Sawad Hussain’s ‘Translating Humor in Contemporary Arabic Literature’

Together with seven other (aspiring) translators and writers, our editorial assistant Leonie Rau attended translator Sawad Hussain’s workshop on ‘Translating Humor in Contemporary Arabic Literature’, hosted by Catapult on September 25:

By Leonie Rau

Sawad Hussain

Sawad Hussain says that she got the idea for a workshop on translating humor from her own experience translating a short-story collection by Najwa Bin Shatwan. The collection is “full of humor and satire” — both notoriously difficult to translate — as Sawad writes in the course description: “Humor is one of the most difficult concepts for any writer or translator to engage with, and yet undoubtedly the most rewarding when it’s done right.”

After she got interested in doing it right, she began researching and reading widely on the topic of humor: how to pinpoint what makes a text funny, and how to transport this into another language.

Sawad then very generously shared her knowledge in this workshop, aiming to familiarize us with different types of humor in contemporary Arabic texts across different genres and media.

As a warm-up, we discussed jokes and tongue twisters — sussing out what exactly made them funny and realizing how very dependent humor is on time, place, and context.

In the course of the workshop’s 2.5 hours, Sawad acquainted us with Arthur Asa Berger’s framework of comic techniques and guided us expertly through applying it to excerpts from Arabic short stories, novels, and even a graphic novel.

We read, for example, the short story “The Memoirs of Cinderella’s Slipper” by Shahla Ujayli, from her collection A Bed for the King’s Daughter, translated by Sawad. In this story, a modern-day Cinderella feels compelled to beat up various unlikeable people she encounters, using her elegant slipper. One of the humorous techniques we identified in this story was what Berger calls “burlesque,” which “refers to any literary form that makes individuals, social behavior or other literary works ridiculous by imitating them in an incongruous manner.” In this instance, we thought the technique was used to criticize societal structures by subverting a familiar tale.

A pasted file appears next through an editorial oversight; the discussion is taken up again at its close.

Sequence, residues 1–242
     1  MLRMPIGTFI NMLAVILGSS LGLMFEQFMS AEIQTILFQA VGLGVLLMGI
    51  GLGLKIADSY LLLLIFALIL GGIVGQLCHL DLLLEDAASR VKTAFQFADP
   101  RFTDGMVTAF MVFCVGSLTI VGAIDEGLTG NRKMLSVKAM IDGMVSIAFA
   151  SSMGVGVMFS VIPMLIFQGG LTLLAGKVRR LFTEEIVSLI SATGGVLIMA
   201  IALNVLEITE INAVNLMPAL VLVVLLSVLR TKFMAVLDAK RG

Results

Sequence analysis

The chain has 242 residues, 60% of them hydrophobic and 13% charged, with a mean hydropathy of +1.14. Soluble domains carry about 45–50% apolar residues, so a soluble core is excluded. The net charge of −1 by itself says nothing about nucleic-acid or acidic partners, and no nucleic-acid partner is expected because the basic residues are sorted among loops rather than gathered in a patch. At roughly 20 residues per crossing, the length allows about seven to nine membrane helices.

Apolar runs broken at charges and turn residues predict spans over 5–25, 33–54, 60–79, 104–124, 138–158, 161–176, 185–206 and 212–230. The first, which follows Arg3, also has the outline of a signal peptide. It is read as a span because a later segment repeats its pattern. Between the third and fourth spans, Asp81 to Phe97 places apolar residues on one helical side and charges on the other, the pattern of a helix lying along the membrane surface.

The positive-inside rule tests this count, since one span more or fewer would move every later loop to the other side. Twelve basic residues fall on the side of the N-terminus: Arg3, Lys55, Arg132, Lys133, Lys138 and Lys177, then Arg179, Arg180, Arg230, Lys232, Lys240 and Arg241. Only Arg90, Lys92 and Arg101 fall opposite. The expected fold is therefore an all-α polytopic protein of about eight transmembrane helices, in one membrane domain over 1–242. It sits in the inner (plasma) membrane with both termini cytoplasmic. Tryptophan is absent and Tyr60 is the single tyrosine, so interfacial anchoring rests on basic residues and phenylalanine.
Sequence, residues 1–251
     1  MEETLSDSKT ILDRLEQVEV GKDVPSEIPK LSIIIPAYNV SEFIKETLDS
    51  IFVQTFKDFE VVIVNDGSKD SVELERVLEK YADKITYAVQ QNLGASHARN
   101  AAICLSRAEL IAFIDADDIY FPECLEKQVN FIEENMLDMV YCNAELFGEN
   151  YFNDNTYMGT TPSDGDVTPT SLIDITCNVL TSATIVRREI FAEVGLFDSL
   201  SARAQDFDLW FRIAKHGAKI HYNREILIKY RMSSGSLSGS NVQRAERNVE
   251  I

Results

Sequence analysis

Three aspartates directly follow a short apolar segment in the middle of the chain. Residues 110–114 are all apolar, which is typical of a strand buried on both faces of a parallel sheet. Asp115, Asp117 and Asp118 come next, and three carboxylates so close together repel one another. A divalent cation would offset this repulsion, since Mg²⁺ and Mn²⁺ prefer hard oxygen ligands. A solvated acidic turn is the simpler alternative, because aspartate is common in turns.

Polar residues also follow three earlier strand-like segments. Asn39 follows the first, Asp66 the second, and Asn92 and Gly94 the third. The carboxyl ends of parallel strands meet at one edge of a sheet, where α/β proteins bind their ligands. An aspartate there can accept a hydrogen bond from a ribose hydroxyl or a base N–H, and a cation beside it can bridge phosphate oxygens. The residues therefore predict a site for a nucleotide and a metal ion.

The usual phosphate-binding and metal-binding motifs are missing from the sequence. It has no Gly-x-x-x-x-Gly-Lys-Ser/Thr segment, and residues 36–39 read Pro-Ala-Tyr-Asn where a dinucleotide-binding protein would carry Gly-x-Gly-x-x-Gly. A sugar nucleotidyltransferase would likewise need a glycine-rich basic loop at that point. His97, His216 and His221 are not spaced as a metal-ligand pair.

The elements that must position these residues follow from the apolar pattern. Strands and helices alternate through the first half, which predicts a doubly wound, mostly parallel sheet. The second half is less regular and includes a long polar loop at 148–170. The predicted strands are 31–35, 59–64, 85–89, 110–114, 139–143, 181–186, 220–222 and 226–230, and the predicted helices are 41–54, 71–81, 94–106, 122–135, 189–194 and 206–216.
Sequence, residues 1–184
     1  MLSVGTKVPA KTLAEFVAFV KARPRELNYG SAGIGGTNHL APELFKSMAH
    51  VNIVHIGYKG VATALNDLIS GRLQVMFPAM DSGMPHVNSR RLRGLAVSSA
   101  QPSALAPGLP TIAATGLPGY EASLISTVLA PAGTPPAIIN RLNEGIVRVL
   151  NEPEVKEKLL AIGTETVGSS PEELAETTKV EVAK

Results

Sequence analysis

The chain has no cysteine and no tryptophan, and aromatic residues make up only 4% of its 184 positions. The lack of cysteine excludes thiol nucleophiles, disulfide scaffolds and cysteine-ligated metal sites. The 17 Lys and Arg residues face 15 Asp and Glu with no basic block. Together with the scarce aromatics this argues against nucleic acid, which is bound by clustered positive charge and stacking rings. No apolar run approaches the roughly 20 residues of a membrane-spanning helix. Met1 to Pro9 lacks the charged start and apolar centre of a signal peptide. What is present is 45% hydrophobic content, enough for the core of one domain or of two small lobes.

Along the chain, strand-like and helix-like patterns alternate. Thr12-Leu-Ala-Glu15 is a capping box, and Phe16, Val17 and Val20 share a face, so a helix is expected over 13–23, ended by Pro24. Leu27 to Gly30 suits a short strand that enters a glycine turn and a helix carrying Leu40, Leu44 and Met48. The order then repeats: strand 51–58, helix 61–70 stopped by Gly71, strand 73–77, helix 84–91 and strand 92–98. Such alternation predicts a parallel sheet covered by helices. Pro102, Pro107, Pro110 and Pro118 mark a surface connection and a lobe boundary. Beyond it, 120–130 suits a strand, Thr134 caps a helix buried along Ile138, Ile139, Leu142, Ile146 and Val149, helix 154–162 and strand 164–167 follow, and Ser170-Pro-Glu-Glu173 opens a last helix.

Understanding exactly why a certain scene, setting or joke is humorous is crucial for rebuilding that humor in a second language: once you figure out whether it is the sound of repeating letters in a tongue twister, the use of a stereotype or the reversal of a well-known standard script, you can begin to think about approximating those humorous devices in a way that makes sense and is funny in another language, too.

It turns out that even though humor might not be universal, its building blocks seem to be, and anyone equipped with the proper tools can learn to identify them.

If all this sounds great, you’re in luck: Sawad will run an expanded version of this workshop in the form of a three-week course hosted by the British Library, starting October 13. Find all the information on the class and how to register here and follow Sawad on Twitter @sawadhussain to catch any updates.

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Leonie Rau is a Master’s student in Islamic and Middle Eastern Studies at the University of Tübingen, Germany, and hopes to pursue a PhD after her graduation. She is an aspiring literary translator with a particular interest in Maghrebi literature. She also writes and edits for ArabLit and ArabLit Quarterly and can be found on Twitter @Leonie_Rau_.

Leonie Rau

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